Jim Jordan Slammed Over House Judiciary GOP Tweet Claiming COVID Boosters Don't Work

Critics slammed Representative Jim Jordan, an Ohio Republican, over a House Judiciary GOP tweet claiming COVID-19 booster vaccine shots don't work.

Jordan is the top Republican on the House Judiciary Committee, and the official Twitter account for the GOP members of the committee shared a controversial post on Thursday regarding COVID-19 booster shots. "If the booster shots work, why don't they work?" the tweet asked.

Many quickly attacked the tweet and called out Jordan for allowing it to be posted. The conservative lawmaker also retweeted the post, which some critics noted as they warned against the misinformation being spread by the Republican Twitter account.

"Even *Trump* now realizes that killing off your own base is probably not a great long-term strategy. But apparently Jim Jordan and his clones on the House Judiciary GOP don't seem to mind the deaths," political commentator Brian Tyler Cohen wrote in a tweet, sharing a screenshot of the House Judiciary GOP post.

"Someone should ask @Jim_Jordan why he retweeted it yesterday," tweeted John Favreau, co-host of Pod Save America. He included a screenshot that showed the GOP congressman had retweeted the misinformation.

"And again is there accountability for attorneys who engage in this conduct? The leader of the House Judiciary GOP, Rep. Jim Jordan, is an attorney. So is Rep. Steve Chabot. Rep. Louie Gohmert, also a member of House Judiciary GOP, is an atty and former judge," Sherrilyn Ifill, president and director-counsel of the NAACP Legal Defense and Educational Fund, wrote in a post. Ifill shared a tweet from author Jeff Scarlett, who suggested the House Judiciary GOP post would result in more Americans dying from COVID-19.

The House Judiciary GOP account eventually deleted the tweet.

Jeffrey Sites, a Democratic candidate in the running for Jordan's seat, cheered the removal of the controversial post. "Congrats, everyone. We got Jim Jordan and company to back down," he wrote.

"Tagging this for future #historians: As Omicron #COVID19 cases mount nationwide, the @GOP House Judiciary Committee tweeted that 'boosters don't work' (they've since erased it.) The Republican Party is objectively pro-death, pro-virus, pro-contagion," author Steve Silberman wrote in a Friday tweet, including a link to an article featuring Jordan's photo.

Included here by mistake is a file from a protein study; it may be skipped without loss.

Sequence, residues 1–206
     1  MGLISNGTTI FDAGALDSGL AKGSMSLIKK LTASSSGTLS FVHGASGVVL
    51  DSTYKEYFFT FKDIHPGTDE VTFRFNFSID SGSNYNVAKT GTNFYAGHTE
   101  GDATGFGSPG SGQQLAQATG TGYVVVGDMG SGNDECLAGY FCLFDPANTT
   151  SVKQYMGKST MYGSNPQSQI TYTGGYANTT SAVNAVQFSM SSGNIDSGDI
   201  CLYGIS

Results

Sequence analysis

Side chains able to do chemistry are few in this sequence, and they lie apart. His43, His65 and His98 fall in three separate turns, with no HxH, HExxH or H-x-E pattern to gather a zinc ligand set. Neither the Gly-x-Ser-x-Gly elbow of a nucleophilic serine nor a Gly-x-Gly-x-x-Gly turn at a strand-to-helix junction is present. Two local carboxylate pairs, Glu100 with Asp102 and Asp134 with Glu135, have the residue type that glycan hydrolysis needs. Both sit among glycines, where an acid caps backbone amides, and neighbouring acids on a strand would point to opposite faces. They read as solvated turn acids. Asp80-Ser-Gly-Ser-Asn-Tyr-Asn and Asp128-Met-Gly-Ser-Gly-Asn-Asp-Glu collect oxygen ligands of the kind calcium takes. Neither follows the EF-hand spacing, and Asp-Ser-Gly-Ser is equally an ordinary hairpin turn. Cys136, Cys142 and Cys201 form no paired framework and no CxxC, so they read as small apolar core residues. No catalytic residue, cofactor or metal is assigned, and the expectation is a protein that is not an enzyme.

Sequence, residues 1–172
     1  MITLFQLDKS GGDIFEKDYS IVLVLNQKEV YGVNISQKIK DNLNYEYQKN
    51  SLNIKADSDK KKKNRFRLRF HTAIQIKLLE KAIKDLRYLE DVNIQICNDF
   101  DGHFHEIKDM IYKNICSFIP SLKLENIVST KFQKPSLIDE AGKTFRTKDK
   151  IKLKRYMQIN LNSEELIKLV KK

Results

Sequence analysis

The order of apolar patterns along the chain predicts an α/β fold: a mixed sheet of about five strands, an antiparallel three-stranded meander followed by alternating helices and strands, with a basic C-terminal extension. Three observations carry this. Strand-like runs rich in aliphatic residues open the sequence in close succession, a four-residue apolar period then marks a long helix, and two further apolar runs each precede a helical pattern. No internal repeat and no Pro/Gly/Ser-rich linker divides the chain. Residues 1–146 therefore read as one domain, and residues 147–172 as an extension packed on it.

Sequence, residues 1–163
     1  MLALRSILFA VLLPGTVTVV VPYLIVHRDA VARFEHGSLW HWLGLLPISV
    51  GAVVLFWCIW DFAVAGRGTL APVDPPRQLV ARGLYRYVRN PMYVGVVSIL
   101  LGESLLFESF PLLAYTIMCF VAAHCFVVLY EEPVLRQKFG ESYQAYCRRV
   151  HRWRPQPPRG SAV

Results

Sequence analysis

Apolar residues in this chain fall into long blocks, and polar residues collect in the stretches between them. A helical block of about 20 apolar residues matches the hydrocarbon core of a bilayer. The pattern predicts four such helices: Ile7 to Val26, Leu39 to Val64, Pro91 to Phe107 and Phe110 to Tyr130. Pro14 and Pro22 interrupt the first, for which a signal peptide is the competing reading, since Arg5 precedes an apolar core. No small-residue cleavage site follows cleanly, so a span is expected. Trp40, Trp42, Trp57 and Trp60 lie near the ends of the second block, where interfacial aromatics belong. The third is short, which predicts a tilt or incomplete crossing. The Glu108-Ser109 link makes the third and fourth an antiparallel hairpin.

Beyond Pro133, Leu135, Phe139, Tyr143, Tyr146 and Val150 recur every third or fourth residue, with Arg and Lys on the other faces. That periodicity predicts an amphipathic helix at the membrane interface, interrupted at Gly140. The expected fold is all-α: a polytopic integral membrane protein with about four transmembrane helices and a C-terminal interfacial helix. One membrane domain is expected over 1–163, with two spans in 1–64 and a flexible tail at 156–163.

Representative Eric Swallwell, a California Democrat, slammed Republicans over the controversial post as well.

"As we end 2021, mired in a deadly pandemic, you should know who has prolonged it. THESE GUYS. Republican liars. Your vacation cancelled. Your kids back to virtual learning. And back to masks everywhere. For blame look no farther than #TheseGuys," he wrote.

Jordan, who has strongly opposed vaccine mandates and other measures to curb the COVID-19 pandemic, said in November that he had the novel coronavirus and recovered.

"I don't talk about my health status with reporters, but I've had the coronavirus and recovered, and actually had that antibody test done, and it showed my antibodies were strong," the Republican congressman told a reporter from Spectrum News. He has not said whether he was vaccinated.

Public health experts and doctors—as well as former President Donald Trump—have repeatedly explained that those being hospitalized and dying of COVID-19 are largely unvaccinated. Scientific data shows that boosters shots provide most people with greater protection against severe disease from the novel coronavirus.

Jim Jodan
Critics slammed Representative Jim Jordan (R-Ohio) after he retweeted a House Judiciary GOP post claiming COVID-19 vaccine boosters do not work. Above, Jordan, the top Republican on the House Judiciary Committee, speaks at a hearing at the U.S. Capitol on October 21, 2020 in Washington, D.C. Greg Nash-Pool/Getty Images

"The vaccine[s] work, but some people aren't taking them," Trump told conservative Daily Wire host Candace Owens in December. "The ones that get very sick and go to the hospital are the ones who don't take their vaccine. But it's still their choice, and if you take the vaccine you're protected. Look, the results of the vaccine are very good. And if you do get it, it's a very minor form. People aren't dying when they take the vaccine."

The former president confirmed last month that he received a vaccine booster shot as well.

Newsweek reached out to Jordan's office for comment.